The Dynamics of Dim Sum

“Sixty-one! Sixty-one! SIXTY-ONE!”

A group of four wide-eyed people come darting to the hostess table waving their numbered ticket. “This place is terrifying,” I hear one of the girls exclaim as they take the stairs to the second floor.

“Sixty-four!!! Sixty-four!”

Three more individuals make their way through the crowd. “What is going on!?” a guy with a big, confused grin on his face asks his friend.

What is going on is just another typical, slightly-stressful Sunday brunch hour at the Golden Unicorn, one of the more popular dim sum spots in Chinatown. On 1pm on a Sunday you can prepare for at least a half hour wait, so I’m sitting back with my ticket and enjoying the eavesdropping as I wait for my girlfriends. Dim sum is one of the best brunch deals you can get in the city: affordable, delicious, quick (once you sit down) – how could you go wrong? But if this is your first time trying dim sum, here are a few things to remember so you can ensure a pleasant experience.

Expect to share tables
Depending on where you go, unless you have a group of 6-8 people there’s a good chance that you’ll be sitting with strangers during your meal. Most restaurants have the typical large round table set up, which can be good or bad depending on who you get stuck next to. Another thing to remember is that with the close proximity, your new friends will probably hear every detail of your wild Saturday night or reasons you hate your job. At one recent lunch my girlfriends and I were in a detailed conversation about Whitney Houston’s drug addiction before we looked across the table and noticed a 10 year old girl staring at us absorbing every word. Woops.

Screw the menus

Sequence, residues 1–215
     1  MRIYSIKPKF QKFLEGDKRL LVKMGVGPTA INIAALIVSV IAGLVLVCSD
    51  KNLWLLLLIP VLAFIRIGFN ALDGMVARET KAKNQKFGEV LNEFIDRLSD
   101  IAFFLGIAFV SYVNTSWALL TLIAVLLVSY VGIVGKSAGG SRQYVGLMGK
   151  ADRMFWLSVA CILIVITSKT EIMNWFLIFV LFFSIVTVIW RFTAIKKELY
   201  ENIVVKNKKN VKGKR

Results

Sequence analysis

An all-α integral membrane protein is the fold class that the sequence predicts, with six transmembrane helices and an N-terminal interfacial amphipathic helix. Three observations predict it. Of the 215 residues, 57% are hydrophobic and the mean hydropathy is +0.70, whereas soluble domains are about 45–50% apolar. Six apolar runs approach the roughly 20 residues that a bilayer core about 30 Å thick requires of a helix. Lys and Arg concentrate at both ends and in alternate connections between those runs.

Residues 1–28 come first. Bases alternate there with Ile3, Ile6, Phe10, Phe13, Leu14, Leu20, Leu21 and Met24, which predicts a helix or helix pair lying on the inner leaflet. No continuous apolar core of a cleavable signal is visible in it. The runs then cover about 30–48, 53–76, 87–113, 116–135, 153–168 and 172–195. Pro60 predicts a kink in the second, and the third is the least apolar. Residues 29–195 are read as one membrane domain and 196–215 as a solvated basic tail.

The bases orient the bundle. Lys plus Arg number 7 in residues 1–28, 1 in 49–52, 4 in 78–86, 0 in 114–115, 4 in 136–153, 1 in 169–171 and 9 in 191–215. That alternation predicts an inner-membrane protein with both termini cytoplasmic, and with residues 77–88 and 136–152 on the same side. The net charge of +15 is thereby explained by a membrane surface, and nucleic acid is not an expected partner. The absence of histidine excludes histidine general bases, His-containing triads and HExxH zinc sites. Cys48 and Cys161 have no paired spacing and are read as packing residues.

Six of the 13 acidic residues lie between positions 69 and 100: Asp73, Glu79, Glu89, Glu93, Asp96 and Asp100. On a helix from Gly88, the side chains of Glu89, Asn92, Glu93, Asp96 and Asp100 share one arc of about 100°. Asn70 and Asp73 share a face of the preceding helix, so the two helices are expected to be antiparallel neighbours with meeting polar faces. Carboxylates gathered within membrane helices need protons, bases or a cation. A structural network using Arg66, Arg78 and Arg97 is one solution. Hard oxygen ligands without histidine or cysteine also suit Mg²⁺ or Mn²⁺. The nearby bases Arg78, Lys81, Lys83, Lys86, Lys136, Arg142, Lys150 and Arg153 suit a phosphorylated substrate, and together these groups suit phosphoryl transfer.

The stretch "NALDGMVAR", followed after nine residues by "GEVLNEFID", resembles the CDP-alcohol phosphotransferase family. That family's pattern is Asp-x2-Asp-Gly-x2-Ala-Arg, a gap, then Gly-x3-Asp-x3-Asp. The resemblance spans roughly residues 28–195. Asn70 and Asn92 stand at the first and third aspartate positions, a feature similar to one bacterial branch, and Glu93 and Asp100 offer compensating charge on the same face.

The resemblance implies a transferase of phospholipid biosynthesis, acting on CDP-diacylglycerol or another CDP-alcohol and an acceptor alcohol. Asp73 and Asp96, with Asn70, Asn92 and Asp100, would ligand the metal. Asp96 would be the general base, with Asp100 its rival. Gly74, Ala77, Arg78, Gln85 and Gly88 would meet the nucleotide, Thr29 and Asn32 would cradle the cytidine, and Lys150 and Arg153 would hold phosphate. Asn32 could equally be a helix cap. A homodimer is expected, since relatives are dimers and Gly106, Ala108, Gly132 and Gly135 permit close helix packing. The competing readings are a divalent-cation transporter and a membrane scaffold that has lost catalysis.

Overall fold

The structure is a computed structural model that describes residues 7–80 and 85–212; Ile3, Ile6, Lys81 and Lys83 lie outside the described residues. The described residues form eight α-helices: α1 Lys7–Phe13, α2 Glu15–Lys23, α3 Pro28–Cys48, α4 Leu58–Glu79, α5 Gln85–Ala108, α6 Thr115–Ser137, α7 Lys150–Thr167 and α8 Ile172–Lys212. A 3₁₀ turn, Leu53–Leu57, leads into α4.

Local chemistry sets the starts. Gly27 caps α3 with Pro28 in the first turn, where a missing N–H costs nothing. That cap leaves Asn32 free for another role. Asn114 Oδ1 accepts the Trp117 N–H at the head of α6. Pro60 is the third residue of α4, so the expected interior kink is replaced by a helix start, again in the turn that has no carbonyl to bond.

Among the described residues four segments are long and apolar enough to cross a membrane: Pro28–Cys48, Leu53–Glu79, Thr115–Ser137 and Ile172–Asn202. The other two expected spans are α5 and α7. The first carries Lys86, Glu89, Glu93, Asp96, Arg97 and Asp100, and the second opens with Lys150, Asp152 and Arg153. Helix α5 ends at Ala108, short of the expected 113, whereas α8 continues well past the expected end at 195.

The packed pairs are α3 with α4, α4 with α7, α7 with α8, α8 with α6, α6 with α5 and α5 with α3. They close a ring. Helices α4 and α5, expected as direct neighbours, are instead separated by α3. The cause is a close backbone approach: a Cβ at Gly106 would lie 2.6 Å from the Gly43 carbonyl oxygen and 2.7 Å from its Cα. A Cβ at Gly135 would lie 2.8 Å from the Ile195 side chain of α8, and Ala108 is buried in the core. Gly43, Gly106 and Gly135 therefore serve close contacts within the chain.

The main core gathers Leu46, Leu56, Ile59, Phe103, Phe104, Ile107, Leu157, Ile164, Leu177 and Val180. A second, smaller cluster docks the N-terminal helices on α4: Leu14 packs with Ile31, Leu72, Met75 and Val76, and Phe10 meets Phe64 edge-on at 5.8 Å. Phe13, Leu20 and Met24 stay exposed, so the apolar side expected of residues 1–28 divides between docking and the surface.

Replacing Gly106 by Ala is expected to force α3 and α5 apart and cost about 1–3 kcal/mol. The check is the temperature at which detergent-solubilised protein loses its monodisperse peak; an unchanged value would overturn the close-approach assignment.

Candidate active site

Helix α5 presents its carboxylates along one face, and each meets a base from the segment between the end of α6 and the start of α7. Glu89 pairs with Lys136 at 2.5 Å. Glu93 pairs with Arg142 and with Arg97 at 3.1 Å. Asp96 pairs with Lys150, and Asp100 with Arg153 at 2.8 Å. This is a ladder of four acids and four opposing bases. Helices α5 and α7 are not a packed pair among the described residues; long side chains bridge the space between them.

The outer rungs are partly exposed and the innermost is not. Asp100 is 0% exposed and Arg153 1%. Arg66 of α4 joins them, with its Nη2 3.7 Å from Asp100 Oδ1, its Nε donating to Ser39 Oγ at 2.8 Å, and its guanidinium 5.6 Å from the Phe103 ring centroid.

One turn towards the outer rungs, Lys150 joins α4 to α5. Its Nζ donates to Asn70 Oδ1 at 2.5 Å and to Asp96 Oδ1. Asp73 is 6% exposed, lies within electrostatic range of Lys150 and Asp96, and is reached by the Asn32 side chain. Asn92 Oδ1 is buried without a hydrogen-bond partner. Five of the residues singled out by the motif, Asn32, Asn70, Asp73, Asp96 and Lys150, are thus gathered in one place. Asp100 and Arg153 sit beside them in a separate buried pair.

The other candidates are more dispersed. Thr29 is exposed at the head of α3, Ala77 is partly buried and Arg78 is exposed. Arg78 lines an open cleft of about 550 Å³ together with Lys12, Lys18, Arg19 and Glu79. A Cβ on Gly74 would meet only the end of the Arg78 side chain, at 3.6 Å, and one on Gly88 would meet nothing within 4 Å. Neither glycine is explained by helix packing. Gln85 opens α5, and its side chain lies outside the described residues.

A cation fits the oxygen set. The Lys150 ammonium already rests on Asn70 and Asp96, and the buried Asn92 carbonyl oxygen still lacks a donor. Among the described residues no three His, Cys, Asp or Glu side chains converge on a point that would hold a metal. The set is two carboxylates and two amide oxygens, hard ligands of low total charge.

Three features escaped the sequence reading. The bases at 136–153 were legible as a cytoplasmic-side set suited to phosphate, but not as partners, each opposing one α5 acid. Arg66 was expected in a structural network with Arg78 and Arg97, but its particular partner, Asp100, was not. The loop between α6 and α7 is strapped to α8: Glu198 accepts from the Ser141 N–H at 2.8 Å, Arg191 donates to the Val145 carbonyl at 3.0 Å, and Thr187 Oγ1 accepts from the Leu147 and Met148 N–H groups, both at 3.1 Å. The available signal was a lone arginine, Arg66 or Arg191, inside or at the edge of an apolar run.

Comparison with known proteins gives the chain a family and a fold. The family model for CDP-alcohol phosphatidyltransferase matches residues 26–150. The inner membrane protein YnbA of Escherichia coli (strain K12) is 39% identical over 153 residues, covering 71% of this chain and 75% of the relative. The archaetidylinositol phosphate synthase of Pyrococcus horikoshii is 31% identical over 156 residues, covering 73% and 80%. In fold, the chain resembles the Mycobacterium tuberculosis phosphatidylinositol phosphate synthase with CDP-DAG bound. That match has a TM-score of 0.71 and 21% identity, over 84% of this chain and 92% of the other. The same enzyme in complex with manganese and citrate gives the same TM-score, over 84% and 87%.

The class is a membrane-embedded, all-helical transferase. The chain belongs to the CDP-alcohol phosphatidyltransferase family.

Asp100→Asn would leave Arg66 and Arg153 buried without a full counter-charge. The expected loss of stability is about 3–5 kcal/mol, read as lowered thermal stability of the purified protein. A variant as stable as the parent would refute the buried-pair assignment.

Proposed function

“Can we just get a menu and order? Because this is annoying.”

WRONG attitude. This was overheard from two unhappy lunchers who were sitting at our table and got overwhelmed by the hectic atmosphere. The beauty of dim sum is that you don’t need a menu – the food is brought to you in carts so you can see the real deal up close and personal and decide. Sure, it can be a little crazy with lots of different carts going by quickly and often times the people not speaking English, but that’s all part of the experience. Which leads me to my next point…

Be quick, and pardon all interruptions
“So I couldn’t believe what he said next. He insisted that we…”
“Holy crap, turnip cake! Stop that cart!”

Ok, so it may not exactly be the most polite thing to do, but if a fresh tray of turnip cake or pork steam buns or whatever is your dim sum weakness comes out, throw manners to the wind and grab that sucker! If you’re not quick enough some other lucky table will nab it before you do and you’ll be forced to wait another miserable 5 minutes before the next cart comes around. Let’s be honest here, in any other situation I would be a little annoyed if someone stopped me mid-sentence when I was just about to get to the juicy part of my story. However, during dim sum its perfectly acceptable behavior to interrupt conversations for the sake of food (although, you may want to make sure that everyone in your party is on the same page here or your brunch may not be so pleasant.)

Order what you want and as much as you want
Unlike other restaurants where you check with your friends and make sure to order things that everyone likes, with dim sum you have free reign to go wild and order what you want. With the portions being tapas-style and the price of each tray being so cheap, you shouldn’t feel guilty if you’re the only one in the group that has a thing for shrimp shuumai. That being said, you also should be prepared to share everything you grab since dim sum is family style and it would just be bad form to hog it all for yourself. Also, don’t feel bad if you feel yourself ordering too many trays – chances are everyone else wants it too and is just waiting for someone else to speak up. You’d be surprised at just how quickly you do fill up with dim sum anyway – you’ll most likely leave stuffed and happy that you didn’t break the bank on Sunday brunch for once. I chowed down big-time during yesterday’s meal and it only cost me $15. Win!

 

My top three favorite NYC dim sum spots:
1) Golden Unicorn – 18 East Broadway
2) Ping’s Seafood – 22 Mott Street
3) Chatham Square – 6 Chatham Square

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1 Comment

Filed under International Food Tour, New York

One Response to The Dynamics of Dim Sum

  1. professor

    dim sum is full of dynamic dishes

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